Rag & Bone

July 11, 2014 by  
Filed under Fashion News

It’s hard to imagine a person who wouldn’t look right in Rag & Bone. That’s exactly the point designers Marcus Wainwright and David Neville made with their all-in-one photo exhibition/lookbook/collection presentation. For the men’s Spring 2015 outing, they recruited people of all shapes and sizes—a pro basketball player, a stand-up comedian, a guy who makes perfume, the proprietor of a local bar, men and women, old and young—and the whole cast did the clothes as much justice as any model could. “We made a lot of points about the versatility of the clothes and the individuality of Rag & Bone,” said Wainwright. “How one piece of clothing can be worn many different ways by many different people.”

Rag & Bone’s men’s line, now ten years old, isn’t known for creating new challenges for a guy’s wardrobe. The duo makes exceptionally easy-to-wear clothes with an emphasis on comfort, subtle detailing, and safe fits. This collection wasn’t a departure by any means, but it did shine a new light on the brand’s appeal.

Forgoing the preciousness of a cohesively themed collection, this was a loosely curated assemblage of nearly perfect individual pieces. Best in show was the outerwear—a fishtail parka in a high-tech sailcloth infused with fiberglass, a replica-quality bomber in onion quilted nylon, a moleskin overcoat that could have been from any one of your favorite Belgian designers. Denim—the category on which the house of Rag & Bone is built—was given a worn-in look; a longer rise; a darted and tapered leg; and a cropped, raw-finished hem. The effect wasn’t merely an updated classic, it was a total re-engineering, and to telling effect. Tops were long and languid, mostly stripped of the extraneous details we’ve come to expect.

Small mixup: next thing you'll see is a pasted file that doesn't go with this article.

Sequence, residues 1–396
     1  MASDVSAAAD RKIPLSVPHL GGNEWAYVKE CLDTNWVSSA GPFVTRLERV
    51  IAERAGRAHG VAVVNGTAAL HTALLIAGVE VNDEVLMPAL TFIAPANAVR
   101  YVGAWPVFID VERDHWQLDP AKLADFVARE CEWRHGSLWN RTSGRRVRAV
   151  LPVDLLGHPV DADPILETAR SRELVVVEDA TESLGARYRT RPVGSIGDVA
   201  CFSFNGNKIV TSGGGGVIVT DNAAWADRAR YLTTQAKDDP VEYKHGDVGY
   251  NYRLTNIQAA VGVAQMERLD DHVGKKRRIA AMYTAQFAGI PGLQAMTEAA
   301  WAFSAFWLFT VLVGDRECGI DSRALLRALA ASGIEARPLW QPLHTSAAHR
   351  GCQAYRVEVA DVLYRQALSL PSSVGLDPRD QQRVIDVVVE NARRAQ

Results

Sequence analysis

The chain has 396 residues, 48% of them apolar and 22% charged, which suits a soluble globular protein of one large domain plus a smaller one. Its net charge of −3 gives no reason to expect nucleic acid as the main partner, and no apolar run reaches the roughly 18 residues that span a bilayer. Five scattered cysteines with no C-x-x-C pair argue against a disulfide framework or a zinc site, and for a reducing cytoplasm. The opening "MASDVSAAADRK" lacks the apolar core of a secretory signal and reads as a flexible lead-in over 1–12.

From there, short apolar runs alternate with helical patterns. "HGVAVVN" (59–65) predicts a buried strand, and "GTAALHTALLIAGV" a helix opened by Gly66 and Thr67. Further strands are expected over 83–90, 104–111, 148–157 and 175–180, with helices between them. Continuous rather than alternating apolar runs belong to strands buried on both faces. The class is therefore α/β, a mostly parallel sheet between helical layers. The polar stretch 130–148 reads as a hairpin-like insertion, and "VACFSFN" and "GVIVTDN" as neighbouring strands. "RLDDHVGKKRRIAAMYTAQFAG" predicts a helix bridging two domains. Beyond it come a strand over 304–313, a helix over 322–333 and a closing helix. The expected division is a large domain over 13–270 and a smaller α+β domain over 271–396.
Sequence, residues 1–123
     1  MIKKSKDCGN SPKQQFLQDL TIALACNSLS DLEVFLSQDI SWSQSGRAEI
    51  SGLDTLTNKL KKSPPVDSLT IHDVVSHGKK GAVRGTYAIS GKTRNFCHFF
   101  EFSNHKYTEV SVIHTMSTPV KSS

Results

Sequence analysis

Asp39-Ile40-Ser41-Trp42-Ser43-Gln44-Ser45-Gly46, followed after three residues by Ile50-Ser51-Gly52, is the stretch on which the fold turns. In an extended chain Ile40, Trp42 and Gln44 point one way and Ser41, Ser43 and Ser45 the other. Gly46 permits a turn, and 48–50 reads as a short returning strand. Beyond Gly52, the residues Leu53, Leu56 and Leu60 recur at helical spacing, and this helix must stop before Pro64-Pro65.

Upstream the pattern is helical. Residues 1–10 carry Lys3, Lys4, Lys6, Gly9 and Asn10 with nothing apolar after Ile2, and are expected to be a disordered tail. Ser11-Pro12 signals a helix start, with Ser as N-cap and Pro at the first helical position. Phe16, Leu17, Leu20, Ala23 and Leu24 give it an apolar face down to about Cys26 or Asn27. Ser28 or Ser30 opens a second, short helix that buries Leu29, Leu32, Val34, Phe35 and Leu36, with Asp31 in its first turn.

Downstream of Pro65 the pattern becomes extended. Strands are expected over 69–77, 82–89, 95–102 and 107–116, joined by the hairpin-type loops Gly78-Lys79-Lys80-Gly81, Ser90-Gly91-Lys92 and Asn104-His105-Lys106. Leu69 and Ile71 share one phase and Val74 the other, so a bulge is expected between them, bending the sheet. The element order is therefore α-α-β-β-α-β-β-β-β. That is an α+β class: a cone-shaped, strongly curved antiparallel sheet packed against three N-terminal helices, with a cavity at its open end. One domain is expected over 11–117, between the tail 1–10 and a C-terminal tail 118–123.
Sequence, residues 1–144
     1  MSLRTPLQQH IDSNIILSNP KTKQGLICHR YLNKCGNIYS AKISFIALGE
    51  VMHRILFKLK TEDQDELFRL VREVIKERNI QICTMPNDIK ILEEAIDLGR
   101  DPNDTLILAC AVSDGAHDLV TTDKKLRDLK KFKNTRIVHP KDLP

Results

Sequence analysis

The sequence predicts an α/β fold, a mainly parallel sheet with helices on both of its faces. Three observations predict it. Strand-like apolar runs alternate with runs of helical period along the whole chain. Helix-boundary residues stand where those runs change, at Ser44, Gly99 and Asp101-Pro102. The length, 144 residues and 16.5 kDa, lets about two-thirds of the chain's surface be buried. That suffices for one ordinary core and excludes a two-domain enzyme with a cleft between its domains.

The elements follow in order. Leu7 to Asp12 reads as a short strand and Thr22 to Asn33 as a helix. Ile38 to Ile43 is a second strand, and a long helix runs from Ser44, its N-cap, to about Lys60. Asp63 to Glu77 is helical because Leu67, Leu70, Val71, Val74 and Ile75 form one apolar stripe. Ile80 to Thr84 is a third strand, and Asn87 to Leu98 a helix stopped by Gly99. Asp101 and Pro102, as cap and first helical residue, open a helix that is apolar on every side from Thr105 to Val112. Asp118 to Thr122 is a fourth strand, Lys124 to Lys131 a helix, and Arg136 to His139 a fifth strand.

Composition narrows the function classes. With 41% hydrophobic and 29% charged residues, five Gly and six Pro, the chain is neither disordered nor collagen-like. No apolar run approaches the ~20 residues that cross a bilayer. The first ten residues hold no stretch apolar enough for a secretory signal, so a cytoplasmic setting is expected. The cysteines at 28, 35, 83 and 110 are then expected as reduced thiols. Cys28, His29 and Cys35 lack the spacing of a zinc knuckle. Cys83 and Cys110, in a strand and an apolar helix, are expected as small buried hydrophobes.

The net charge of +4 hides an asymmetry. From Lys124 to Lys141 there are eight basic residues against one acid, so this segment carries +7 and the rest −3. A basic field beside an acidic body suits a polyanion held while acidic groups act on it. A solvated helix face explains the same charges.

Wainwright and Neville didn’t present a new vision for Rag & Bone here. They presented what felt like a reaction to fashion’s adoration of conceptual design, and a compelling case for interesting clothing that people actually want to wear. “Some people look for fashion and they look for art and they look for things that are completely new, and I think that’s fantastic,” said Wainwright. “But at the end of the day, if you can’t wear half of it, what’s the point?”
—Noah Johnson
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Viktor & Rolf

July 10, 2014 by  
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In due time, many of the dresses shown throughout the Haute Couture collections will reappear on red carpets the world over. But you’ve got to hand it to Viktor Horsting and Rolf Snoeren, who considered how dresses might look if they were actually made from, well, red carpet. After conceiving second-skin, tattooed ballerina dresses last season, Viktor & Rolf came up with what they referred to as “a meditation on a contemporary obsession.” They wondered whether it would be possible to coerce such a rigid material into wearable volumes, describing the knotting, wrapping, and tying techniques as “spontaneous gestures.” The duo insisted that there was neither positive nor negative subtext—that the intention was “nonjudgmental.” They admitted that the idea was, quite simply, “a big challenge.”

Where other designers begin with aesthetics, Viktor & Rolf often start with language, and in this way their collections can end up projecting the esoteric cleverness that comes naturally to graduating-year fashion students. This time, however, the painstaking execution—whether shaping the pile into sculpted pleats or cutting and placing the spots with such deliberate irregularity—helped balance concept and craft. Except, that is, when the concept proved too heavy in the physical sense; keeping the material above knee-length proved more compelling than a weighty cascade of carpet down the front of a long, vaguely Renaissance frock.